Adding support for Dark Mode to web applications

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MacOS Mojave, Apple's newest operating system, now features a Dark Mode interface. In Dark Mode, the entire system adopts a darker color palette. Many third-party desktop applications have already been updated to support Dark Mode.

Today, more and more organizations rely on cloud-based web applications to support their workforce; from Gmail to Google Docs, SalesForce, Drupal, WordPress, GitHub, Trello and Jira. Unlike native desktop applications, web applications aren't able to adopt the Dark Mode interface. I personally spend more time using web applications than desktop applications, so not having web applications support Dark Mode defeats its purpose.

This could change as the next version of Safari adds a new CSS media query called prefers-color-scheme. Websites can use it to detect if Dark Mode is enabled.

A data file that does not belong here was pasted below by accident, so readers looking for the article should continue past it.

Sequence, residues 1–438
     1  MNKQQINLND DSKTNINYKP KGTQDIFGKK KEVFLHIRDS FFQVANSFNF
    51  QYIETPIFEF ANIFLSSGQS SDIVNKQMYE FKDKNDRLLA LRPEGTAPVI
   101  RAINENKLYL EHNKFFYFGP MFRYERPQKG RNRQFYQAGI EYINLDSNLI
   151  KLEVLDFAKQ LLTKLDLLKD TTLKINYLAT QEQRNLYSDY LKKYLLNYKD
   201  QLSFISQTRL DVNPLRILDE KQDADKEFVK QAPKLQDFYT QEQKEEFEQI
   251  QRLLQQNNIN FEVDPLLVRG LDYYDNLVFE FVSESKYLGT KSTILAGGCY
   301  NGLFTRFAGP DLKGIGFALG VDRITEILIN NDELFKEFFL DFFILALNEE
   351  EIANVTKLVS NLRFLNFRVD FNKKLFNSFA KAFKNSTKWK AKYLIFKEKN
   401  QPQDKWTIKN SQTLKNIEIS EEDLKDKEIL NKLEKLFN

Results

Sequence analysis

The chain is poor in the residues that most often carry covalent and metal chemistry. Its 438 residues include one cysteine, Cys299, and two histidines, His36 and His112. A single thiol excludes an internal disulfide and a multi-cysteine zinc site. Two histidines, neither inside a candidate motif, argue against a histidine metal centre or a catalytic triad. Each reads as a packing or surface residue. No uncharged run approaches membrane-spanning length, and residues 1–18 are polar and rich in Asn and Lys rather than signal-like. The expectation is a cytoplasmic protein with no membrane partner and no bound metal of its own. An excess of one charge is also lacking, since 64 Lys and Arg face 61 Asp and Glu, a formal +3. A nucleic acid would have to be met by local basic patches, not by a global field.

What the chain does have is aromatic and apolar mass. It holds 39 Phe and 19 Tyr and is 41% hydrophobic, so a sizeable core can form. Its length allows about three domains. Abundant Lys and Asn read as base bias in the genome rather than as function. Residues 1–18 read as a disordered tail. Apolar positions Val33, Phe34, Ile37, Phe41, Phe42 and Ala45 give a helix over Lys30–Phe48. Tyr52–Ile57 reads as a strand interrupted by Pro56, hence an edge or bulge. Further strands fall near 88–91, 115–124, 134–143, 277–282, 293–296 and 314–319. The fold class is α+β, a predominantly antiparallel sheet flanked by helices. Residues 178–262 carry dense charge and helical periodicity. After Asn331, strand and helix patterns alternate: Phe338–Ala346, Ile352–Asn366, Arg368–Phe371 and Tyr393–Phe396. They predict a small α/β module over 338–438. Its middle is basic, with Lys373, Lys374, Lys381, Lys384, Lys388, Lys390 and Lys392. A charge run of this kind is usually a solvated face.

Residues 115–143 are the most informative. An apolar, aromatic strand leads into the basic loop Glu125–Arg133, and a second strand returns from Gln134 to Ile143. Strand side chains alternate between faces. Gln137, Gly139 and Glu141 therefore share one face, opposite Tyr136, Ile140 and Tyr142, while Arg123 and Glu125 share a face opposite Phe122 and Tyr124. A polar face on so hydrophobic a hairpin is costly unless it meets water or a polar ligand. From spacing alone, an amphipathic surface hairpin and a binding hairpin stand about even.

I learned about the prefers-color-scheme media query on Jeff Geerling's blog, so I decided to give it a try on my own website. Because I use CSS variables to set the colors of my site, it took less than 30 minutes to add Dark Mode support on dri.es. Here is all the code it took:

@media (prefers-color-scheme: dark) {
  :root {
    --primary-font-color: #aaa;
    --secondary-font-color: #777;
    --background-color: #222;
    --table-zebra-color: #333;
    --table-hover-color: #444;
    --hover-color: #333;
  }
}

If you use MacOS Mojave, Safari 12.1 or later, and have Dark Mode enabled, my site will be shown in black:

Dark mode dri es

It will be interesting to see if any of the large web applications, like Gmail or Google Docs will adopt Dark Mode. I bet they will, because it adds a level of polish that will be expected in the future.

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